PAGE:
As of Wednesday, Nov. 12, 2014, the tram service in the Mariposa Grove of Giant Sequoias in Yosemite National Park ended forever. In accordance with the provisions of the Mariposa Grove Restoration Plan, which will take two years to implement, the open-air tram has been dropped from the services that the National Park Service will provide.
Since 1865, tours have been conducted through the Mariposa Grove via horse-drawn carriages, stagecoaches, Model T’s, flatbed trucks and the open-air tram service that operated from 1970 until this last week. Generations of visitors drove wagons and automobiles through the grove and the Wawona Tunnel Tree before it toppled over in the winter of 1968-69. Shortly thereafter, access to private vehicles was prohibited from driving through the grove.
Joe Nelson, the tram’s most recent driver, began working as a shuttle driver for Delaware North in June of 2013, transporting visitors from the General Store in Wawona to the Mariposa Grove. He became a tram driver during his second season and had the distinct pleasure of operating four tours a day through the grove.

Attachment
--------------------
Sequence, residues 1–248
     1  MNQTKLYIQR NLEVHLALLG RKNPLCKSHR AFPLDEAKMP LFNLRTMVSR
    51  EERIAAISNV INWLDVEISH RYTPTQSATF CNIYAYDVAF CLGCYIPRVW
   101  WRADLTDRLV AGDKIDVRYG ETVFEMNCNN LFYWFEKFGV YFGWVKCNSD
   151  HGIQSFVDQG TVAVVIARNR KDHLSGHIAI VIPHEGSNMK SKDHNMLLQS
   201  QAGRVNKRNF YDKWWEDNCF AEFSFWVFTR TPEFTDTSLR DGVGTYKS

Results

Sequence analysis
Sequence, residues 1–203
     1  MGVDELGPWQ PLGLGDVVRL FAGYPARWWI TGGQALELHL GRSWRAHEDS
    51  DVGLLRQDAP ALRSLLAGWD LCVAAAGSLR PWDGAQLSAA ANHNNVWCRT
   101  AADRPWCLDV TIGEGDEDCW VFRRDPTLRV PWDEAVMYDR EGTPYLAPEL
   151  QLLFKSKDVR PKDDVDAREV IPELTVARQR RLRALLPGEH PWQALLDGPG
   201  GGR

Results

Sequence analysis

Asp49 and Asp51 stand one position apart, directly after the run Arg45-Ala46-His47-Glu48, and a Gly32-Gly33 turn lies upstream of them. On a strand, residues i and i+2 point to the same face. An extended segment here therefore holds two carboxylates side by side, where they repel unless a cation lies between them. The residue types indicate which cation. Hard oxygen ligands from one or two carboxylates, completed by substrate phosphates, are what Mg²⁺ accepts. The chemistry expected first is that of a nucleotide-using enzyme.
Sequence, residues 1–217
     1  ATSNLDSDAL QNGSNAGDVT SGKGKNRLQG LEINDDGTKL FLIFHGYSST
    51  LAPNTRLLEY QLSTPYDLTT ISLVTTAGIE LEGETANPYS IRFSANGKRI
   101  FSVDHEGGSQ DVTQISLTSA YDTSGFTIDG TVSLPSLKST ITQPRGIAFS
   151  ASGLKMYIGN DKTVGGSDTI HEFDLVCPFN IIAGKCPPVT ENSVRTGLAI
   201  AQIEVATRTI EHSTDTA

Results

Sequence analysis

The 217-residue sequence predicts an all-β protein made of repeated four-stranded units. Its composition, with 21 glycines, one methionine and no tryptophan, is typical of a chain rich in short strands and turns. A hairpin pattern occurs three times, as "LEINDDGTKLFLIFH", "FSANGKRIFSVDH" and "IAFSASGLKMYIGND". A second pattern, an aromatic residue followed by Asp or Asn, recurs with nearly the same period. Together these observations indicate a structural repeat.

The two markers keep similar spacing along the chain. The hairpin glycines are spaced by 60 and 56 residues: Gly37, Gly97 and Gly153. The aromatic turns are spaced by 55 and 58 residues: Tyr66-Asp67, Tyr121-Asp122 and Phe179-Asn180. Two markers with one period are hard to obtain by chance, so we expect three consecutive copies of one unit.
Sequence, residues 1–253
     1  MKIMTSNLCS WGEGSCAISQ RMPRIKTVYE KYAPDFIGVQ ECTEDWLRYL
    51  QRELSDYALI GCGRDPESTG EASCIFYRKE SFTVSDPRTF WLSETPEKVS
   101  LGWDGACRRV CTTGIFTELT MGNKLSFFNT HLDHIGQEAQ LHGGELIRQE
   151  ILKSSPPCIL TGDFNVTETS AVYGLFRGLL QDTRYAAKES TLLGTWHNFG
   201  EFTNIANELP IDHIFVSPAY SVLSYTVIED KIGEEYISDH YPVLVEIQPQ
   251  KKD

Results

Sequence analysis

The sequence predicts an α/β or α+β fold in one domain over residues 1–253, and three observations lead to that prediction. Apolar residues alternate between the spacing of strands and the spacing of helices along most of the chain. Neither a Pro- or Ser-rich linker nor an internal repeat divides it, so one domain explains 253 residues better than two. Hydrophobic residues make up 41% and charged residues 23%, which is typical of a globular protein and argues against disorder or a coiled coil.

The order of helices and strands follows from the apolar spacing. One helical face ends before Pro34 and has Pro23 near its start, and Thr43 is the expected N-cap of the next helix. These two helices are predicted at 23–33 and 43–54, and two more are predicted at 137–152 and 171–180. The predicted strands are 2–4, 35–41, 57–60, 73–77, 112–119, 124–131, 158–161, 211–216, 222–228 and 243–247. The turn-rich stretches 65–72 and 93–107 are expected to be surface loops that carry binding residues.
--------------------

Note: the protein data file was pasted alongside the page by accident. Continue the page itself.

“During the summer of 1968, when I was 14, my family came to Yosemite from Florida, and we were among the last group of visitors to the park who were ever allowed to drive our car through the grove and the Wawona Tunnel Tree before it fell the following winter,” Nelson said. “Of all the places we saw that summer: Grand Canyon, Mesa Verde, Yellowstone, and Sequoia, Yosemite and the Mariposa Grove left the deepest and most lasting impression on me, thus was my impetus to return to the area as an adult when I moved here from Florida in 1999.”
On Wednesday, Nov. 12 at 3:15 p.m., Nelson gained the distinction of being the last person in the 150-year history of Yosemite National Park to drive a tram tour through the Mariposa Grove.
- Staff Report